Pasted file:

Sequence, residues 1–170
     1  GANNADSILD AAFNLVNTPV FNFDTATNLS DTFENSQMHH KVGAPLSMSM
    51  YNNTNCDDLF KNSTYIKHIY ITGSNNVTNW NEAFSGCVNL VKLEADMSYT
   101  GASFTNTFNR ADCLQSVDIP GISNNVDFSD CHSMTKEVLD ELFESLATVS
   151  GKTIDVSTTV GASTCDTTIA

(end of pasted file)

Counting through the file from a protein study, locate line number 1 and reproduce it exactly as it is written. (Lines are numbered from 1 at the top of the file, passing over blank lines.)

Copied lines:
Sequence, residues 1–170